The French right-wing leader Marine Le Pen is visiting Lebanon, and it seems like an opportunist attempt to gain support of French citizens who are anti-Muslim (maybe many French-Lebanese dual citizens?).

I’m not a political analyst or social critic, but I do tell stories for a living. Most of those stories so far have been reported from and about Lebanon — a country with a history of complex relations between religious sects.

Sometimes I struggle to tell these stories — who are they for? Foreigners, who have a fairly monotone view of Beirut and the relationship Islam has with society? Do I add caveats? Or should I address locals or those who lived there and understand the nuances? I don’t really know. So, I’ll just tell this story for myself.

In 2013, I moved into an apartment on the third floor of an old building in Beirut’s Qantari neighborhood. The surrounding structures all appeared to have been recently torn down and rebuilt into luxurious apartments for Beirut’s middle-upper classes, making my building the last of its contemporaries.

It was painted daffodil yellow and had pine green shudders. No elevator, just three flights of giant stairs. On the corner was a Harley Davidson Motorcycle shop. Next to it was the Qantari mosque, where my landlord would go to pray five times a day and whose call to prayer I would hear on the occasion I was lying in bed awake at 3 a.m.

On Fridays, I’d cover my head with my pillow to drown out the sound of the national anthem blasting from the school at the other end of the road. On Sundays, I’d hear the bells of a church two blocks away ring through my open balcony door, where a view of the Mediterranean was obstructed by a gauche bank building.

Directly across from my apartment were two general stores. One was owned and operated by two young Syrian guys. When I was absent from the store for a few days, they’d ask me where I’d been. Next door was a cell phone shop, owned by a British-Lebanese dual national who was dragged back to Lebanon by nostalgia. His experiment lasted just about a year before reality sent him back to London with his wife and two kids. In his place, a Syrian refugee ran the store (he’s now in Germany; I don’t know who runs the store or if it’s even open anymore).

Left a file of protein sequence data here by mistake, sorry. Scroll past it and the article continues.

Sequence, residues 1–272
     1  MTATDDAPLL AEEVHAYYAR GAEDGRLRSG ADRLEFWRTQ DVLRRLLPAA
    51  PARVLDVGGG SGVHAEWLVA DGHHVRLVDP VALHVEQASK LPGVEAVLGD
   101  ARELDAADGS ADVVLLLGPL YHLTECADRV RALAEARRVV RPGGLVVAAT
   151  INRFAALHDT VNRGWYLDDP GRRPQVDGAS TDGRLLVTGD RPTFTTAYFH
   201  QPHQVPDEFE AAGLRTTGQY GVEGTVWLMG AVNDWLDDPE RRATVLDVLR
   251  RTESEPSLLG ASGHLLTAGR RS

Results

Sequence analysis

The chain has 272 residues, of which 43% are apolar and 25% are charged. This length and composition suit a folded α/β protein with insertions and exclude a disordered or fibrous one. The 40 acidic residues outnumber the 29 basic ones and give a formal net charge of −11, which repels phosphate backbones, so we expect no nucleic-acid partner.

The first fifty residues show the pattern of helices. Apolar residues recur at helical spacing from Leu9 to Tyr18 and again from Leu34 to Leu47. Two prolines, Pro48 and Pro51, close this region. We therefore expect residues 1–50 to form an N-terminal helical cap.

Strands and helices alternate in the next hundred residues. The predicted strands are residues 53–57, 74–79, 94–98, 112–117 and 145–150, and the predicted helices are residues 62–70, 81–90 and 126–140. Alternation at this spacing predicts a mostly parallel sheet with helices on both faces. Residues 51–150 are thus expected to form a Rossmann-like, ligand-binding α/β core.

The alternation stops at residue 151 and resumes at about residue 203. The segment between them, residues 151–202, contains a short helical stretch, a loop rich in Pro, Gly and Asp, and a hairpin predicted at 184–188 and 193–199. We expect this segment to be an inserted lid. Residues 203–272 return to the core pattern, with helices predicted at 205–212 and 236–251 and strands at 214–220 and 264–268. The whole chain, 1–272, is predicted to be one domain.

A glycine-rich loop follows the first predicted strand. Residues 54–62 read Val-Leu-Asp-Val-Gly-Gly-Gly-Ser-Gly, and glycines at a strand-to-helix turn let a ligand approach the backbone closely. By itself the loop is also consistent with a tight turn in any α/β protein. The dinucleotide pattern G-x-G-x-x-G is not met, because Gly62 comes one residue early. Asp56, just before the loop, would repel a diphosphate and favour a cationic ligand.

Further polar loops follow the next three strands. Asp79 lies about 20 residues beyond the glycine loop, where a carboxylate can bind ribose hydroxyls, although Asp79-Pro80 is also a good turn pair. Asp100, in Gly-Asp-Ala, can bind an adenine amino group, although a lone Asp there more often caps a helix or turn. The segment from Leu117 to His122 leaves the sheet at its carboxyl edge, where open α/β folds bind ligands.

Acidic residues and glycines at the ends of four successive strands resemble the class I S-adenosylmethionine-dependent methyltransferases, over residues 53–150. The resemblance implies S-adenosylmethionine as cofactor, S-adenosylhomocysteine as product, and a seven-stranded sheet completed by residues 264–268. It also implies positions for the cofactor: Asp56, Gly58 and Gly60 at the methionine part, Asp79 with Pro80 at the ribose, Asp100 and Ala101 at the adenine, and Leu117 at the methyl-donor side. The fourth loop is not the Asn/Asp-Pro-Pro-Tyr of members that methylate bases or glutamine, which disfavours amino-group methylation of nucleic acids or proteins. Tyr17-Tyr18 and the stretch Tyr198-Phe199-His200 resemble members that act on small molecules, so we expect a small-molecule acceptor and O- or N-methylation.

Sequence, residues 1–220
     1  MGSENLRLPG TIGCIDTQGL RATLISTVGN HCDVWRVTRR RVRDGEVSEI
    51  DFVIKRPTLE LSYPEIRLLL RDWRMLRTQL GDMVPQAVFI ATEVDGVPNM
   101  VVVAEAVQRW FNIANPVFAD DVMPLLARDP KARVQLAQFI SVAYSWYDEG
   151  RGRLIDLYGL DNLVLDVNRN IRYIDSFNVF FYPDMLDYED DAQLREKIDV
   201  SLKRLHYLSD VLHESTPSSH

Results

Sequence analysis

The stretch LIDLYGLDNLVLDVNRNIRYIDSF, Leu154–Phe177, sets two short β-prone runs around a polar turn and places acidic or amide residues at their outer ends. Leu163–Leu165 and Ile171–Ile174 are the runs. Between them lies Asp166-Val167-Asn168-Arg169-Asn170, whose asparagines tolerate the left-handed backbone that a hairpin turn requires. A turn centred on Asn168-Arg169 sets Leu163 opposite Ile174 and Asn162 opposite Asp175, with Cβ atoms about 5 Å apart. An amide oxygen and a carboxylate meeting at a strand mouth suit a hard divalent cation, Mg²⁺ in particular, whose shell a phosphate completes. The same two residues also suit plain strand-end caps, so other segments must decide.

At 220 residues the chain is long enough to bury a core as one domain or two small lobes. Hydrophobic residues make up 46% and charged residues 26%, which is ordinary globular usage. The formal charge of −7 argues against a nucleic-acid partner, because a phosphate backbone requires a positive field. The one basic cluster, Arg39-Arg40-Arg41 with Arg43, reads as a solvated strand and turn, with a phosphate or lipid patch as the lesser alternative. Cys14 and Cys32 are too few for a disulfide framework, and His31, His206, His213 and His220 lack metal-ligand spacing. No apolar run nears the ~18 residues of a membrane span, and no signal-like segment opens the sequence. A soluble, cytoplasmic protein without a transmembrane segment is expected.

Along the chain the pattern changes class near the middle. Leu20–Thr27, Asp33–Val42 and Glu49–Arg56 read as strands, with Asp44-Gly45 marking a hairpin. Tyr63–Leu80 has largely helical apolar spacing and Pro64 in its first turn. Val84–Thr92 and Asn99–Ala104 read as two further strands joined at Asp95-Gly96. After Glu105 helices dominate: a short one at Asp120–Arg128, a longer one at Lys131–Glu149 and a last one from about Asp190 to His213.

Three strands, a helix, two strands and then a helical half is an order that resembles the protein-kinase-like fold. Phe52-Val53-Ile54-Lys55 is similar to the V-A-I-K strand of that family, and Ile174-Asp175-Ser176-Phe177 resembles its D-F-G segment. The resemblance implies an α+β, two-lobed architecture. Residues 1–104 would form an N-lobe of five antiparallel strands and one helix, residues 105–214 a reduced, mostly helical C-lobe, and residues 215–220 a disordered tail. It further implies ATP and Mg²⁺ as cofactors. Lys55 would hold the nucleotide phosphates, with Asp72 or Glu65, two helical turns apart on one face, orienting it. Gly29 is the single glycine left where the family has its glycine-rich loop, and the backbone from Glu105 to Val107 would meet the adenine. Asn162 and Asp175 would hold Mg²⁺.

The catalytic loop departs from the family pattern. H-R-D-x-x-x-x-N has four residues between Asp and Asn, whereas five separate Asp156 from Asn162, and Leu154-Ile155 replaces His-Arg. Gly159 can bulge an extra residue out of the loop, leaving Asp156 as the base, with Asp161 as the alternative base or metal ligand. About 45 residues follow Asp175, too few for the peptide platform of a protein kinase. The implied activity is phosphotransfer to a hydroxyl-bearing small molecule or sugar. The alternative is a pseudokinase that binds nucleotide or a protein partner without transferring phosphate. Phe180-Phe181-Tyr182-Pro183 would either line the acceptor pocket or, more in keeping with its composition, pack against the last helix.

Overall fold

Below me was a small shop that we paid monthly for TV service. The first month I had an issue with their service and got into a yelling match with Ali, the tanned, mustached and raspy-voiced guy who installed the service and collected the bills. I thought he was ripping me off. He might have been, but either way we became friendly after that, and he’d always scream out “Hello!” in English, while zipping by on his motorized scooter when he saw me on the street.

One of the most interesting people I met was my landlord’s mother. She was an elderly woman, usually donning a white head scarf. She was always jovial. She lived on the first floor. I don’t think she got out much, but sometimes she’d step outside her front door and look out off the steps onto the street. I’d pass her on my way out of the building, and she’d greet me joyfully and gab about how the neighborhood used to be when her kids were kids and all the changes that had taken place during and since the war.

Her children had grown up in the building. Now her grandson and his two children were living on the fourth floor of that same building. (I have a great story with him, but I’ll save that for another time).

I remember a few stories of our interactions, but for the sake of brevity I’ll recount one. It was around the summer of 2014 and I’d started growing a beard. Many pious Muslim men wear beards as a show of faith. Many pious Muslim and non-Muslim men also wear beards as a show of fashion. Mine was the latter as I’m neither all that pious nor Muslim.

As I descended the stairs, she caught a look of my new facial hair and immediately stuck her finger in my face. “Get rid of it!” she said, loudly and playfully, but there were clear serious undertones.

“You don’t like it?” I asked.

“No, not at all!” she replied. “I don’t let any of my sons have beards!”

Her son, my landlord, must have been in his 50s. And it’s true, he’s clean-shaven every day. I didn’t end up shaving my beard, and she dropped the issue. She went back to telling me stories about the neighborhood and the old days. I still have a beard almost three years later. But if I shave it one day, I think I’d like to go back and show her. Even if she’s forgotten about me by then.

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